A Tale of Three Women
This is the story of three women: Susan, Sofia and Judit and how their lives could affect yours and the lives of your children.
Susan is 46 and a writer. She lives in the United States.
Sofia is 41 and a teacher. She lives in Israel.
Judith is 39 and a coach. She lives in Hungary.
Apart from all being female and all being mentioned in this article, Susan, Sofia and Judit have a few other things in common.
They are married.
They each have two children.
And they are all quite good at playing chess.
Lots of people play chess. I wasn’t too bad myself. I even won the school chess trophy one year – which I was very proud of at the time. I thought that was quite good.
You could say that Susan is quite good, too.
On the July 1984, at the age of 15, she became the top-ranked woman player in the world. That for me is quite good.
Sofia is quite good, as well.
In 1989, at the age of 14, she stunned the chess world by her performance in a tournament in Rome. She won the tournament, which included several strong grandmasters, with a score of 8½ out of 9. Her performance was one of the strongest in history by a 14-year-old.
And of course Judit is also quite good.
In fact she is generally considered the strongest female player in history of chess.
Another thing these three women have in common is that they are all sisters.
Their father is the Hungarian educational psychologist Laszlo Polgar. Born in 1946, Laszlo believed that geniuses are not born but made.
This was a radical belief at the time. Laszlo was living behind the Iron Curtain and the idea of choosing to be a genius didn’t fit comfortably with the Soviet ethos. In fact he was considered mad by some of his colleagues. He was recommended to see a psychiatrist to cure him of his madness.
But maybe this was for the better because without support or funding he decided to embark upon what is now referred to as “one of the most amazing experiments in the history of human education”.
He decided that, before they were born, his children were going to be geniuses.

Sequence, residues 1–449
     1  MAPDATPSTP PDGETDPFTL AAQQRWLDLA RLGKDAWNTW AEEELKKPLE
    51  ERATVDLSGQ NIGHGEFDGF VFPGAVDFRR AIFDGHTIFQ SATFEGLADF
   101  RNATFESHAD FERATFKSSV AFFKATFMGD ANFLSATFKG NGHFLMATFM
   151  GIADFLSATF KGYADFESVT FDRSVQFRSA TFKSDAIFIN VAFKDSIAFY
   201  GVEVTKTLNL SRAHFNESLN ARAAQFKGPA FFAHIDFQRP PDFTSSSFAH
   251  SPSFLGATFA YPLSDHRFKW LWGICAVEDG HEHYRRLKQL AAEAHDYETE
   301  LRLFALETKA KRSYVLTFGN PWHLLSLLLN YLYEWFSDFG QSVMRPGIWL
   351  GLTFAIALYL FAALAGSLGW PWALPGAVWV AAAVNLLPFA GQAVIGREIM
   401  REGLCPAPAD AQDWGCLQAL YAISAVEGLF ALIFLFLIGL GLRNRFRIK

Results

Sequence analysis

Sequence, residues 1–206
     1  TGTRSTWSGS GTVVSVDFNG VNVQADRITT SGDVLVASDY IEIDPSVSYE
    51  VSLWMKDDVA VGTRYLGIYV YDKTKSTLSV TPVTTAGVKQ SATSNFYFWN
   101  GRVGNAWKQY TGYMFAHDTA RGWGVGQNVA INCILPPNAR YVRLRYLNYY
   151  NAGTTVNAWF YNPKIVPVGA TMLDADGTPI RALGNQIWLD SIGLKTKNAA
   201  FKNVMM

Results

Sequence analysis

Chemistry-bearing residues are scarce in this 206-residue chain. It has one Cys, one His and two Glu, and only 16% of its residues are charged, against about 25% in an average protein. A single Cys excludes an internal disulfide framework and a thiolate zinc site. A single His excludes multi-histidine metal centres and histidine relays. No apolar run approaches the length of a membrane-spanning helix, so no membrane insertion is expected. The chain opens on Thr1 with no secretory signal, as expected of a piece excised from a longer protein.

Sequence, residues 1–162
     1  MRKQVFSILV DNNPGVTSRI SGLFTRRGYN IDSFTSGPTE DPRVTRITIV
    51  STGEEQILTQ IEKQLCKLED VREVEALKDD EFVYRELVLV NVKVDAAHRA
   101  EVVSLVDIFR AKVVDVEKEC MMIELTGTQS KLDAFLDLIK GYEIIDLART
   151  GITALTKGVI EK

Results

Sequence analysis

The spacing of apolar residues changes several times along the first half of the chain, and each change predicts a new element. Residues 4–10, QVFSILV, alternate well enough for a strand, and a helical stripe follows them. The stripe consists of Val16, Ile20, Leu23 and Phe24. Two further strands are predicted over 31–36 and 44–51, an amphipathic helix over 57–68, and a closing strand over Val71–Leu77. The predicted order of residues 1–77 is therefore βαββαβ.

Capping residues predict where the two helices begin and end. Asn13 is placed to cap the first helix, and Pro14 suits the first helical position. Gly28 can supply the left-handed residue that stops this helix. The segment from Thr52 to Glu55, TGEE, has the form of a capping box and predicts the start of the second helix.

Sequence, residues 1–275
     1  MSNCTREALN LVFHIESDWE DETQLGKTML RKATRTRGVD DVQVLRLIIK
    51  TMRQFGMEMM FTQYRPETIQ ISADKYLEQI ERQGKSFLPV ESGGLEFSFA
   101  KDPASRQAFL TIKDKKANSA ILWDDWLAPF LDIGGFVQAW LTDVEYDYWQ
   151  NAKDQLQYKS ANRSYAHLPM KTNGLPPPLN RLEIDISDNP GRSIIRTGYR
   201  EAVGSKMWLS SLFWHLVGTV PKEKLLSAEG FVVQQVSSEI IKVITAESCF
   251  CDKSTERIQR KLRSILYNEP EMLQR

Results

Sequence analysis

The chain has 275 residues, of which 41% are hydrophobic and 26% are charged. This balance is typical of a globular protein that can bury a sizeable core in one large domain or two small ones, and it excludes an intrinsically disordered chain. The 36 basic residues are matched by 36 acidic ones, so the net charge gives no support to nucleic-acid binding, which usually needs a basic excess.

And how did he intend to do this? By using drugs? Hypnosis? Brain transplants?
No. His plan was to follow three simple steps: practice, practice and practice.
Susan, Sofia and Judith played chess for about 6 hours a day most days.
Now leaving aside the dubious ethics of making your children spend half their waking life doing something just to prove a point, the important thing here is that Laszlo and his daughters proved that anyone can excel in a field if they practice enough. It’s not a question of some innate skill or inborn talent. Whether it’s learning chess or to speak a new language or to speak in public every single one of us already has what it takes to succeed. Namely, a healthy human brain capable of growing and adapting to whatever tasks we choose to give it.
So I’m afraid you can’t say “Oh, I’m not very good at learning languages (or mathematics or whatever). It’s really not for me.” To use a scientific term used from where I come from, you are ‘talking bollocks’. Laszlo proved this not once but three times.
Our brains are capable of amazing things given enough practice. And it’s not just during childhood. Consider the London Taxi-driver test: The Knowledge. Investigations have now shown that the hippocampi of candidates who successfully pass the gruelling test (involving memorizing 50,000 streets, landmarks and buildings which can take 3 to 4 years of relentless practice) have dramatically increased in size. Their brains have developed to make them London A-Z geniuses.
So for all you who are wanting to improve your memory, your chess, your typing or coding skills or your Chinese or your public speaking then the good news is that whatever you want to become good at, you can. However the bad news is that the only way to do it is to practice, practice, practice.
So what are you waiting for? Take example from the Polgar Family and start practicing your way to perfection today!